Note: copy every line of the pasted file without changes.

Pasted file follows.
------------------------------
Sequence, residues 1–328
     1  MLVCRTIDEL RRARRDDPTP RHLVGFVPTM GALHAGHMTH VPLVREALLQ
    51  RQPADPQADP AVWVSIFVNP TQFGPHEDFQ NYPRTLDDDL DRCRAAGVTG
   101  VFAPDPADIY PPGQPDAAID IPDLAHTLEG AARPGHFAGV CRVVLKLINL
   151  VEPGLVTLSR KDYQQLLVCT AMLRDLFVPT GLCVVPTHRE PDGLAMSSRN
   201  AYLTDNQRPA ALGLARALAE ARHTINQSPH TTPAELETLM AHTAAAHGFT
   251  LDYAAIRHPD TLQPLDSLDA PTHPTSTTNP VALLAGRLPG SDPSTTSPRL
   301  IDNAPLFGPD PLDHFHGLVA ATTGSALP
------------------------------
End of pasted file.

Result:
Sequence, residues 1–328
     1  MLVCRTIDEL RRARRDDPTP RHLVGFVPTM GALHAGHMTH VPLVREALLQ
    51  RQPADPQADP AVWVSIFVNP TQFGPHEDFQ NYPRTLDDDL DRCRAAGVTG
   101  VFAPDPADIY PPGQPDAAID IPDLAHTLEG AARPGHFAGV CRVVLKLINL
   151  VEPGLVTLSR KDYQQLLVCT AMLRDLFVPT GLCVVPTHRE PDGLAMSSRN
   201  AYLTDNQRPA ALGLARALAE ARHTINQSPH TTPAELETLM AHTAAAHGFT
   251  LDYAAIRHPD TLQPLDSLDA PTHPTSTTNP VALLAGRLPG SDPSTTSPRL
   301  IDNAPLFGPD PLDHFHGLVA ATTGSALP